Sharing our Experience of God
January 15, 2017
Three years ago when my husband and I first came to this church there was a study group reading Anthony B. Robinson’s book entitled, “Transforming Congregational Culture. “ I read the book then and have since read it again.
In Robinson’s chapter entitled, “From Fellowship to Hospitality,“ he writes, “…the centered church articulates and honors its center in the Lordship of Jesus Christ…Whoever is moving toward that center is welcome no matter how far from the center they may be coming from.”1 Robinson explores ways in which we can share our experience of God in order to be a more Christ centered Congregation. One way would be to invite members of the Congregation to share their faith journey in small discussion groups or at specific seasons of the year. Robinson suggests the best way to get the discussion started is to have someone share part of their faith journey from the pulpit. So here goes:
Thirty-five years ago I had a calling experience. It’s not something I usually talk about. It is hard to believe. In fact, whenever I’ve tried to talk about my calling, even to a minister, I barely get any further than that sentence. Unlike Jesus’ own disciples who were anxiously awaiting the word of God and prepared for the coming of the Messiah; now the Calling seems to be an old fashioned idea. At Hartford Seminary I thought the students would have an opportunity to discuss their experience of God, but no not there either. I asked a couple of classmates if they thought I should say something and they responded, “I wouldn’t if I were you.” I believed part of my calling was to share my experience; I didn’t know when or how but I felt I should try. Maybe if I wrote about my experience someone would at least hear me out. That didn’t work either. The professor I’d asked to read my paper suggested I see a psychiatrist. I had been seeing a psychiatrist. It was nice to be able to tell someone. This doctor helped me through a lot of ups and downs but after several years he said, “I’ve never been able to figure out what’s wrong with you.”
Last year, on Good Friday, I came into this Sanctuary to pray. Near the end of my prayer I said to God, “I don’t think we’re as close as we used to be” and God said “that’s not my fault.” As I left the Sanctuary I looked around for more inspiration and took the copy of the sermon from Palm Sunday. It was a sermon that Rev. Ken Landall had written entitled: What Needs Untying in You, “what keeps us from realizing our full potential and answering God’s call to us.”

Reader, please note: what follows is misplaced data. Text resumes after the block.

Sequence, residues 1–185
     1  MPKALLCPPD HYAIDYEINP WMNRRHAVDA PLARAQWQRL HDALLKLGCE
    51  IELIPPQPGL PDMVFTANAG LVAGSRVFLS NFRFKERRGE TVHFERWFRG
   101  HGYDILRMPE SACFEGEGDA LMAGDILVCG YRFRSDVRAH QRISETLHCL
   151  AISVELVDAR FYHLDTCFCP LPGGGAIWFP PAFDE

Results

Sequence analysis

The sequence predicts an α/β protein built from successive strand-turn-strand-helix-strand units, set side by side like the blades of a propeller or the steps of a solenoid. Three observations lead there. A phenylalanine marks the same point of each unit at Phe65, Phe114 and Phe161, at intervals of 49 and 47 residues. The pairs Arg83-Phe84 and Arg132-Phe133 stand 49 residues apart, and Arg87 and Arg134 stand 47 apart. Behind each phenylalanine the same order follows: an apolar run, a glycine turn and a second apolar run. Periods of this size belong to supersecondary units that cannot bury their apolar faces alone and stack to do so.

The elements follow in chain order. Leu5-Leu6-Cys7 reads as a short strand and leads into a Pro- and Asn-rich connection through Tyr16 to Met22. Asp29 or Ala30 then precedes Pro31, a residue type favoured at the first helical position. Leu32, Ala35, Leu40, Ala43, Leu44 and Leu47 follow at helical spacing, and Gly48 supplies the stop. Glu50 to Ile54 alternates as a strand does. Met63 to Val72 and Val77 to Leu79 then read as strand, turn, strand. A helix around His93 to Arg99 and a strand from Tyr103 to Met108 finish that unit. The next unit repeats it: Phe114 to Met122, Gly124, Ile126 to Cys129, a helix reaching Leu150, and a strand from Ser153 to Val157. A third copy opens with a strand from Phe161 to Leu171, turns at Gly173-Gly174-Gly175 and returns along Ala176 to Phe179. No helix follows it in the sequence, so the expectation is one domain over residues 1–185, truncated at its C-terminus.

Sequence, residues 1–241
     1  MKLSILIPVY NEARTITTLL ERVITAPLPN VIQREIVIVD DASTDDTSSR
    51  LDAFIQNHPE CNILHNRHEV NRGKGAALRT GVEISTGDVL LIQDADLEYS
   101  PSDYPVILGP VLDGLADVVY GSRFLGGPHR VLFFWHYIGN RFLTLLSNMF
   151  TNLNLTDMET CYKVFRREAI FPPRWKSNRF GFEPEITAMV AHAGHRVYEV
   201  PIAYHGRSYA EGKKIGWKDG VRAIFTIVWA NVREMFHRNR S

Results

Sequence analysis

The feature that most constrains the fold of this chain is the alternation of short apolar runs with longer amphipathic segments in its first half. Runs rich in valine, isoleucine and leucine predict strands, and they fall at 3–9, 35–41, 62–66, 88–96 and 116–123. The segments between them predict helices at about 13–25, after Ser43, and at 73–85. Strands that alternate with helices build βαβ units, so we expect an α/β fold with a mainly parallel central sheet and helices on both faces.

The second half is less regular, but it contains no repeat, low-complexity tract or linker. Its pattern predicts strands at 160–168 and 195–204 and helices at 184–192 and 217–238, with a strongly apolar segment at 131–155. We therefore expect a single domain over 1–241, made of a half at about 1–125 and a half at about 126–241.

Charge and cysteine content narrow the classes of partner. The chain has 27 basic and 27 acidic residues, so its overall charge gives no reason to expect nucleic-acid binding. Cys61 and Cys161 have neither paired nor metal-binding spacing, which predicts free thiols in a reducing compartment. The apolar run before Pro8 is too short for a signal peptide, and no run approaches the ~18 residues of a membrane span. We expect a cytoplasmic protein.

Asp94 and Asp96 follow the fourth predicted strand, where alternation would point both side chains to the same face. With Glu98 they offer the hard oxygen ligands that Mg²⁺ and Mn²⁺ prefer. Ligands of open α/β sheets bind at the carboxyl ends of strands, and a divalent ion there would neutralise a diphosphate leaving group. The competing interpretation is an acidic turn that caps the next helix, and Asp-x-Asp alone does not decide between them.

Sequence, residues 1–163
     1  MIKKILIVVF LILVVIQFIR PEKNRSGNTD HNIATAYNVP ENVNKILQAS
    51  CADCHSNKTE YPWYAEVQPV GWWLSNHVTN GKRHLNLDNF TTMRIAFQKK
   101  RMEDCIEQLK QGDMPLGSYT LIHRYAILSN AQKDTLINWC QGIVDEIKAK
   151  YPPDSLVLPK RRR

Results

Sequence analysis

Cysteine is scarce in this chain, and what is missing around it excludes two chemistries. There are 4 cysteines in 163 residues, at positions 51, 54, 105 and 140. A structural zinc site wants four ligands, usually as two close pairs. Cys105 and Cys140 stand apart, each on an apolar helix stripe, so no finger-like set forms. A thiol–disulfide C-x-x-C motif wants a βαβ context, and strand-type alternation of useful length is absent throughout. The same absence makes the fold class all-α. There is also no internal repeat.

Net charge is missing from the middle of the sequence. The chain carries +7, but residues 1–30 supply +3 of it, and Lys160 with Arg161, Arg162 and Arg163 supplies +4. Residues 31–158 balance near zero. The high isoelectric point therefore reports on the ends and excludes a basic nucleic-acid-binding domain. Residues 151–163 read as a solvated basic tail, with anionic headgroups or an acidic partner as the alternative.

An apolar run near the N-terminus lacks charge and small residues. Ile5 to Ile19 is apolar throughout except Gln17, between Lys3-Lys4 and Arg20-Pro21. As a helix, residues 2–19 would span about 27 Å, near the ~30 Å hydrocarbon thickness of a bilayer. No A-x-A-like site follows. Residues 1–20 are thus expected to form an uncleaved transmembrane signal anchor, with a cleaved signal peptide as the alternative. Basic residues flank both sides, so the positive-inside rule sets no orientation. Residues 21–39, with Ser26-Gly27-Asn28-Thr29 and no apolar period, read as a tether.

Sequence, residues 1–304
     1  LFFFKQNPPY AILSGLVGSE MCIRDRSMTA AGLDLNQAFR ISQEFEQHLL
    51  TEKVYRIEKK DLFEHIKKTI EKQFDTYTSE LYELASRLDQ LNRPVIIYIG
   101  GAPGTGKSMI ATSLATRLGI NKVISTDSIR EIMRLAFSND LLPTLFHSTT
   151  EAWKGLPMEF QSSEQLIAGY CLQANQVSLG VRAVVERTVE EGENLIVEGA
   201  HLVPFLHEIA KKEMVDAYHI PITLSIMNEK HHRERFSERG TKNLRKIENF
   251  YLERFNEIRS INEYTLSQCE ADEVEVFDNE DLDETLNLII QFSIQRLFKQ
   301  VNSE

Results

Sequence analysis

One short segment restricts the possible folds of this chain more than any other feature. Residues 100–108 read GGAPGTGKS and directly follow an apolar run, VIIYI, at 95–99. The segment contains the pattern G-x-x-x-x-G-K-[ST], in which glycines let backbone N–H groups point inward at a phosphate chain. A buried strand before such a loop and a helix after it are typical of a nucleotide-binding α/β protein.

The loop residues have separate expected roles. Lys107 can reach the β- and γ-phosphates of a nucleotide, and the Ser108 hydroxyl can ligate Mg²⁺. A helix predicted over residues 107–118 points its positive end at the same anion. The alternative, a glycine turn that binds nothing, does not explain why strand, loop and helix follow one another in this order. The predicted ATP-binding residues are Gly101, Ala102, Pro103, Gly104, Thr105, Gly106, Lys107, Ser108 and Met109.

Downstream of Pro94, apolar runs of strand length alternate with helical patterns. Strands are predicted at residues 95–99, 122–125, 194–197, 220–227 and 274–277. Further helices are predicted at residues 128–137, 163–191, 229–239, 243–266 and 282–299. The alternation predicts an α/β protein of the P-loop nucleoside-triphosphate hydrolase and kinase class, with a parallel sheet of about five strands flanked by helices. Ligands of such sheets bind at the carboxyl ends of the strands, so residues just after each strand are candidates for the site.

I took the hint and made an appointment with our minister, Rev. Tom Leinbach. I was scared. I was afraid he wouldn’t believe that I’d had a calling experience and I was afraid he would believe. All I promised God was to try; the rest depended on Tom’s experience of God and on God. Whether you believe me depends on God too.
Tom said right away, “God is real” and that my calling experience was pretty much “textbook” the way it happens. He’d had his own experience and some of the deacons had been sharing their experiences of God. Maybe we all have these experiences but no one feels comfortable talking about them. I gave Tom my paper to read. In Sept. he asked if I’d like to do a sermon.
The paper I wrote and gave to that professor and to Tom is 130 pages long, so in the interest of lunch, I’ll just tell you something of the experience and not include every detail.
I’d graduated high school in 1974, the year they changed the voting and drinking age to 18. I’d led a fairly shelter life up to graduation but now I tried to catch up to my peers. I would call myself a “hanger on” trying to change myself and always hoping that the next school, or next group or next job I would fit in. I’d date some guy and try to change myself for him. In one relationship my therapist later said, “you were like two drowning people hanging onto each other.” That’s just how it felt; like I was in the ocean, out of my depth, swimming from one buoy to the next thinking all the time I can’t stay here.
At 25 I lived in New Hampshire and I felt lost. I had been confirmed in a Presbyterian Church in N.J. but had rarely been back to church since then. My lifestyle had distanced me from my parents. That September I had been trying to convince my father to approve of an investment idea I had. He was a successful investment counselor. While I was selling my plan to him, my mother said, “you can tell she’s her father’s daughter”. After they approved I realized what I’d really wanted more was to reconcile with my parents, to win back my father’s approval of me. I was thinking of this as I walked home and saying to myself, “I just wanted to be my father’s daughter” when God said, “I am your Father.’ I was shaken. I answered “well you’re everyone’s Father.” And God said, “I am YOUR Father.” I’m afraid I swore out loud “Oh_____, now I’m in trouble.”